Williams, David (d.1794) (DNB00)
WILLIAMS, DAVID (d. 1794), Welsh hymn-writer, son of William Rhys, was a native of Carmarthenshire. The year of his birth is variously given as 1712 (from his tombstone) and 1718 (from the second part of ‘Gorfoledd ym Mhebyll Seion’). On the rise of the methodists he became one of their ‘exhorters,’ and acted for a time as one of the superintendents of the Carmarthenshire societies. He was also sent on a mission to Bala (Methodistiaeth Cymru, i. 487). Leaving his home at Llan Fynydd and his employment as a tailor, he settled at Llan Deilo Tal y Bont, Glamorganshire, as master of one of Madam Bevan's schools, and subsequently kept school at Bassaleg, Monmouthshire, and Tre Witting, near Peterston super Ely (Llanbedr y Fro), Glamorganshire. At Peterston he joined in 1777 the baptists, being among the first members of the church formed at Croes y Parc. He died at Peterston on 1 Oct. 1794, and was buried there. His wife was the daughter of a prosperous farmer, and her want of sympathy with her husband's pursuits was the occasion of much bickering, which, tradition alleges, brought about his retirement from the methodist body. They had one son, Israel.
Williams, who usually called himself ‘Dafydd Wiliam,’ was a prolific writer of religious elegies; twelve are recorded under his name in ‘Llyfryddiaeth y Cymry’ between 1763 and 1792. But he is best known as a writer of hymns. Of these he published a first collection about 1762 (Carmarthen), under the title ‘Gorfoledd ym Mhebyll Seion’ (‘Joy in the Tents of Zion’); a second part was issued in 1777 (Carmarthen), a third and a fourth in 1778 (both at Brecon), while an English translation appeared at Brecon in 1779. The four parts were published as one at Brecon in 1782. Other collections of hymns written by him were ‘Diferion o Ffynon Iechydwriaeth’ (‘Droppings from the Fount of Salvation’), 1777; ‘Telynau i Blant yr Addewid’ (‘Harps for the Children of Promise’), Brecon, 1782; ‘Gwin i'r Diffygiol’ (‘Wine for the Fainting’), Carmarthen, 1787; and ‘Yr Udgorn Arian’ (‘The Silver Trumpet’), Carmarthen, 1789. Some of the most popular Welsh hymns are by this writer, including the so-called miners' hymn ‘Yn y dyfroedd mawr a'r tonnau’ (‘In the Billows of Great Waters’).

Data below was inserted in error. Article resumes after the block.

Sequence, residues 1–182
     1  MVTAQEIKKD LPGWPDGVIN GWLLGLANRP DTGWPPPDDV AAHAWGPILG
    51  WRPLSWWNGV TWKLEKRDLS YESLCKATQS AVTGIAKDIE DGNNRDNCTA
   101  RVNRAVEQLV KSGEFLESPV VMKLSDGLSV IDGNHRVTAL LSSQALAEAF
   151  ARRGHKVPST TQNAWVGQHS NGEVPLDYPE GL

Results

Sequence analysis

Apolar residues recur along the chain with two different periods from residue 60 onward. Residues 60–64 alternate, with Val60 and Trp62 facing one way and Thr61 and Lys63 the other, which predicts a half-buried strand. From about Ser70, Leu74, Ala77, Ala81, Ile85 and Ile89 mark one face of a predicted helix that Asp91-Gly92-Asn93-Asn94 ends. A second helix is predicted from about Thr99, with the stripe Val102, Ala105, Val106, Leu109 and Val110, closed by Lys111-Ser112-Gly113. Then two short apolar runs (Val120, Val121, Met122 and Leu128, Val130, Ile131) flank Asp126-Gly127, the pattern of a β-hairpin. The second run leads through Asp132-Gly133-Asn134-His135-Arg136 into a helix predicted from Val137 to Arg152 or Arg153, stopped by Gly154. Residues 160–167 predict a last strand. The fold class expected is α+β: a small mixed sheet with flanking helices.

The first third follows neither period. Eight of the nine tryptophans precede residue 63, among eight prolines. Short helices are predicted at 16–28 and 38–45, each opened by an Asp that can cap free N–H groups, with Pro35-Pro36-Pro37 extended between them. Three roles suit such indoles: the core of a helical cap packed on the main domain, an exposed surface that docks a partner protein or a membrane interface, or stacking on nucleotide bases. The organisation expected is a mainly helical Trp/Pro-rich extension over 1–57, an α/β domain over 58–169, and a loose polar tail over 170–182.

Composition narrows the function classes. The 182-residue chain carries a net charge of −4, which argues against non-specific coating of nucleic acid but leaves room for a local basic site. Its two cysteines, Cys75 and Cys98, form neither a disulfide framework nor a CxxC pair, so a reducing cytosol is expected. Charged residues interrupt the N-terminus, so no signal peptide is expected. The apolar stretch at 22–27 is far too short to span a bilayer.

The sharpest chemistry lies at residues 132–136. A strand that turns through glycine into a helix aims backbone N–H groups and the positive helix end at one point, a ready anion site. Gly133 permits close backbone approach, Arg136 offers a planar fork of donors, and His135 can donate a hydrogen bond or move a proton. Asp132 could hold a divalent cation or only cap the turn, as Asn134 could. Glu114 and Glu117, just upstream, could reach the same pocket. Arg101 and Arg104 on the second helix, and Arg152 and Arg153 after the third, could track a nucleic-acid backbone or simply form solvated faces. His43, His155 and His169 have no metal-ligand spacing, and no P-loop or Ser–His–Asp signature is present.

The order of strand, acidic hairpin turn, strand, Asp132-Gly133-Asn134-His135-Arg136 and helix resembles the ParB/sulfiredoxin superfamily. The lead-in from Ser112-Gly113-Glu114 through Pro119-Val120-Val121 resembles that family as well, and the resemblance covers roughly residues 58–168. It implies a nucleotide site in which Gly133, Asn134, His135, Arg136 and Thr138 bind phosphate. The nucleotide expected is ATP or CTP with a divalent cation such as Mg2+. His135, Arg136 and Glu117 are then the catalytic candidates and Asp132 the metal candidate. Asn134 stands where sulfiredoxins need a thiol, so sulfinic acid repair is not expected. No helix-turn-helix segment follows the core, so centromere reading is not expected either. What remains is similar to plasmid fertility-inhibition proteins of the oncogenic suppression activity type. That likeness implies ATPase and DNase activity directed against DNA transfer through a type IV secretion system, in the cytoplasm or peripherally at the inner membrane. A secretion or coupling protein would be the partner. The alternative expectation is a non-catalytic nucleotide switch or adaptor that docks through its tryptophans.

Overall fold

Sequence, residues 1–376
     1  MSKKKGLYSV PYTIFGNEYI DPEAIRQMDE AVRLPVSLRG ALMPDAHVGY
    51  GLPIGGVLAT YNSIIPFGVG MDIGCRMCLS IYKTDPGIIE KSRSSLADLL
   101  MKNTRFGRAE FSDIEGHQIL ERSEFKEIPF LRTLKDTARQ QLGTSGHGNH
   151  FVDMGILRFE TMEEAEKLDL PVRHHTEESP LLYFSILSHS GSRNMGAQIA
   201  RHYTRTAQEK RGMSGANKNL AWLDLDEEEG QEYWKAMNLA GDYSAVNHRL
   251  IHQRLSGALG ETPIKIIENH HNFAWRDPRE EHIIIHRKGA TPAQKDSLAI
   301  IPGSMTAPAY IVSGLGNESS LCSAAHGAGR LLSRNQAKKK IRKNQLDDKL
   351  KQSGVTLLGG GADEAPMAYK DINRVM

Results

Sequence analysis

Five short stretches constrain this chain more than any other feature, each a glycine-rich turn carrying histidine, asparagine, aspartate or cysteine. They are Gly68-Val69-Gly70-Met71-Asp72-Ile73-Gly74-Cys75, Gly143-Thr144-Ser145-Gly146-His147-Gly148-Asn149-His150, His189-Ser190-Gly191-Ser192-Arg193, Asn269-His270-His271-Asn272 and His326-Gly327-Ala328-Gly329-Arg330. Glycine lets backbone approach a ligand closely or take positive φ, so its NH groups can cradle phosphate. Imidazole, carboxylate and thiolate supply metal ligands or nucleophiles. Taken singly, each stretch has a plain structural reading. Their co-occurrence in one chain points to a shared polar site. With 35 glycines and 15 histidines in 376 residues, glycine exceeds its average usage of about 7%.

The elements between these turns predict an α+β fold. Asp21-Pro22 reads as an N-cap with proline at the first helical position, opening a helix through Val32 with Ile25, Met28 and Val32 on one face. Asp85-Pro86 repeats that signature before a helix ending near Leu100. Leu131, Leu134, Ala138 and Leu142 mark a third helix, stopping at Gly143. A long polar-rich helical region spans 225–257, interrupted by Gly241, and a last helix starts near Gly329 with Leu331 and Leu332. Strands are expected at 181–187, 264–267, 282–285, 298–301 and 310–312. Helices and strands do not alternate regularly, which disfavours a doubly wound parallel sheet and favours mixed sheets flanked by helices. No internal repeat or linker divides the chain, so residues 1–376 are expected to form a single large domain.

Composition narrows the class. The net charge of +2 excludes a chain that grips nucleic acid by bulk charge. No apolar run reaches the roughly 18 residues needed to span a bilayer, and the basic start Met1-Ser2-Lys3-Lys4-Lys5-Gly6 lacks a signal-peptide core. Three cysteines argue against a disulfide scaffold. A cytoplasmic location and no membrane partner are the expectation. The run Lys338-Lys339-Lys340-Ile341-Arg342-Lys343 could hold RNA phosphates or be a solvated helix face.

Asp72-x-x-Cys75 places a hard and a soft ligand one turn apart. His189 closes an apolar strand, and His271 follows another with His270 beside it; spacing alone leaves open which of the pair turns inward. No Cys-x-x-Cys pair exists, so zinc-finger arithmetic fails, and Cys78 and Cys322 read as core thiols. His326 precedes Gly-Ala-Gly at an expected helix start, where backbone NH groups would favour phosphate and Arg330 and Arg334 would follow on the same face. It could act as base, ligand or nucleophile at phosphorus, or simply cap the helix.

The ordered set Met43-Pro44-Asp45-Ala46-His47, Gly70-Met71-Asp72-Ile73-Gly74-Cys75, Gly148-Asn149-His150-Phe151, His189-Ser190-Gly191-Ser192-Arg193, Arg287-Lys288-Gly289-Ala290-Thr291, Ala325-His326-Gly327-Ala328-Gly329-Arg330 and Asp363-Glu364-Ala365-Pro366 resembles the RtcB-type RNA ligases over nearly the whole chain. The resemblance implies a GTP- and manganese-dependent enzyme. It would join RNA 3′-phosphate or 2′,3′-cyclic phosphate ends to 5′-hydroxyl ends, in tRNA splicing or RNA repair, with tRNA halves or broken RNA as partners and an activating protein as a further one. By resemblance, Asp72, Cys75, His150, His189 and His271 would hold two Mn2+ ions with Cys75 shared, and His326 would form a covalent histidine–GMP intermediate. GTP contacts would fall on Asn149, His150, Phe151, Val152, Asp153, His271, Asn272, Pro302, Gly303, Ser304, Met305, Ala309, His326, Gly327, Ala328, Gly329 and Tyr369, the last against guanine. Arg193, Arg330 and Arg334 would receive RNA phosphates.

[Griffiths's Hanes Emynwyr Cymru; Llyfryddiaeth y Cymry; Elvet Lewis's Sweet Singers of Wales.]